In this today, without explicitly referencing Woolf’s texts, Rita Siegried paints spaces which show us the room of one’s own: they remind us of Woolf’s aspirations for the contemporary world. The motifs seem familiar, they seem to show what has already become part of our material reality. And yet Siegried’s works still leave us with a feeling of longing. The moments in which we can linger and become engrossed seem rare; an androgynous, porous and resonant mind turns out to be the exception to the rule. Let us together take the final steps to this goal.

“For masterpieces are not single and solitary births; they are the outcome of many years of thinking in common, of thinking by the body of the people, so that the experience of the mass is behind the single voice.” [6]

Rita Siegfried (*1964) lives and works in Bern. After an apprenticeship as a gilder (1980-1984) she completed her studies in visual arts at the Schule für Gestaltung in Bern in 1999. She presently works as an artist and as a gilder, as well as teaching at the Schule für Gestaltung in Bern. She received the Aeschlimann Corti scholarship in 1996 and ‘Werkbeiträge’ from the city of Bern in 2001.

[1] Virginia Woolf (* 25 January 1882 in London; † 28 March 1941 in Sussex) was a British writer and publisher. She came from an affluent family of intellectuals with contact to numerous literary figures. In her adolescence she experienced first-hand the constraints which Victorian society placed on girls and women. Relatively early in her life she was active as a literary critic and essayist; her career as a novelist began in 1915 with the publication of ‘The Voyage Out’. By the end of the 1920s she had become a successful and internationally recognized author. Woolf was ‘rediscovered’ in the 1970s, when her essay ‘A Room of One’s Own’ (1929) became one of the most frequently cited texts in the nascent women’s movement. Together with Gertrude Stein, her avant-garde works have earned her a place as one of the leading female writers of classic modernism
[2] “By hook or by crook, I hope that you will possess yourselves of money enough to travel and to idle, to contemplate the future or the past of the world, to dream over books and loiter at street corners and let the line of thought dip deep into the stream.” Woolf, Virginia: A Room of One’s Own. Berlin: Insel Verlag 2019 (1929), 127.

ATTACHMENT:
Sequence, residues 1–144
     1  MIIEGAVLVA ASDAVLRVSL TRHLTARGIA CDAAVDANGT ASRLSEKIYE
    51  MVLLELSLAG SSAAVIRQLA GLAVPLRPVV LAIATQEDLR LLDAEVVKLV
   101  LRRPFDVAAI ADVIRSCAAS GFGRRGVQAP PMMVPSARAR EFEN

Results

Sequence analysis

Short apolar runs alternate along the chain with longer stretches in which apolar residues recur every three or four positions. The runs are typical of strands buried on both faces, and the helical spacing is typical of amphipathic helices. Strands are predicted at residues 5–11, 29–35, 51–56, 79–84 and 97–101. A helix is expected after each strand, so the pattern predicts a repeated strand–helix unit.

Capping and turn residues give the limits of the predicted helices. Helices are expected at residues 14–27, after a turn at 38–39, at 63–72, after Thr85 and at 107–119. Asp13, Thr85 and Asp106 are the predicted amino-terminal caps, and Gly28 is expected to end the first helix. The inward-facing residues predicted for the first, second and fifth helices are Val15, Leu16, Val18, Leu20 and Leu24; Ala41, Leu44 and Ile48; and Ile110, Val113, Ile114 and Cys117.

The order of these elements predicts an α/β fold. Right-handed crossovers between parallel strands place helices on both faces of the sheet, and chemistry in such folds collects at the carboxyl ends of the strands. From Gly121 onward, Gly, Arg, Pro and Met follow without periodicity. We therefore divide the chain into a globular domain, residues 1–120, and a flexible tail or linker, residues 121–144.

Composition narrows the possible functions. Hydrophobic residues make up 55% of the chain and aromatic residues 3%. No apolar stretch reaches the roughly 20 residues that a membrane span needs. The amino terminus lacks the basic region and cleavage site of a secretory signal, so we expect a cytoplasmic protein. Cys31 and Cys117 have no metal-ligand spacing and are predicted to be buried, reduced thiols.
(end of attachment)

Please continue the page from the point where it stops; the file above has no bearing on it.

[3] Anne Jemima Clough (*1820) was a British suffragette and fought for women’s access to higher education. She was the first principal of Newnham College.
[4] Virginia Woolf gave the sum of  £500 per year in 1929, which would be about CHF 30,000 today.
[5] The initiative calls for the implementation of a universal basic income. This would enable the entire population to lead a dignified existence and participate in public life regardless of whether or not they are gainfully employed.
[6] Woolf, Virginia: A Room of One’s Own. Berlin, Insel Verlag 2019 (1929), 79.

Rita Siegfried, A Room of One’s Own, 2019, exhibition view, Milieu, Bern

Rita Siegfried, A Room of One’s Own, 2019, exhibition view, Milieu, Bern

Rita Siegfried, A Room of One’s Own, 2019, exhibition view, Milieu, Bern

Rita Siegfried, A Room of One’s Own, 2019, exhibition view, Milieu, Bern

Rita Siegfried, A Room of One’s Own, 2019, exhibition view, Milieu, Bern

Rita Siegfried, Bahnhof, Acryl on MDF, 36 x 29 cm, 2018

Rita Siegfried, Reiher, Acryl on MDF, 26 x 26 cm, 2019

Rita Siegfried, Kormoran, Acryl on MDF, 34 x 27 cm, 2019

Rita Siegfried, Im Garten, Acryl on MDF, 26 x 26 cm, 2018

Rita Siegfried, Hund, Acryl on MDF, 21 x 26 cm, 2018

Rita Siegfried, Buch, Tempera on MDF, 27 x 17 cm, 2007

Rita Siegfried, Brunnen, Tempera on MDF, 22 x 23 cm, 2006

Rita Siegfried, Steinschlag, Acryl on MDF, 38 x 38 cm, 2014

Rita Siegfried, Haubenmeisen, Acryl on MDF, 40 x 44,5 cm, 2019

Rita Siegfried, Der Maler, Acryl on MDF, 34 x 25 cm, 2018-2019

Rita Siegfried, Goldene Säule, Tempera on MDF, 30 x 28 cm, 2006

Rita Siegfried, Kirschen, Tempera on MDF, 26 x 16 cm, 2004

Rita Siegfried, Wind, Acryl on MDF, 32 x 44 cm, 2015

Rita Siegfried, A Room of One’s Own, 2019, exhibition view, Milieu, Bern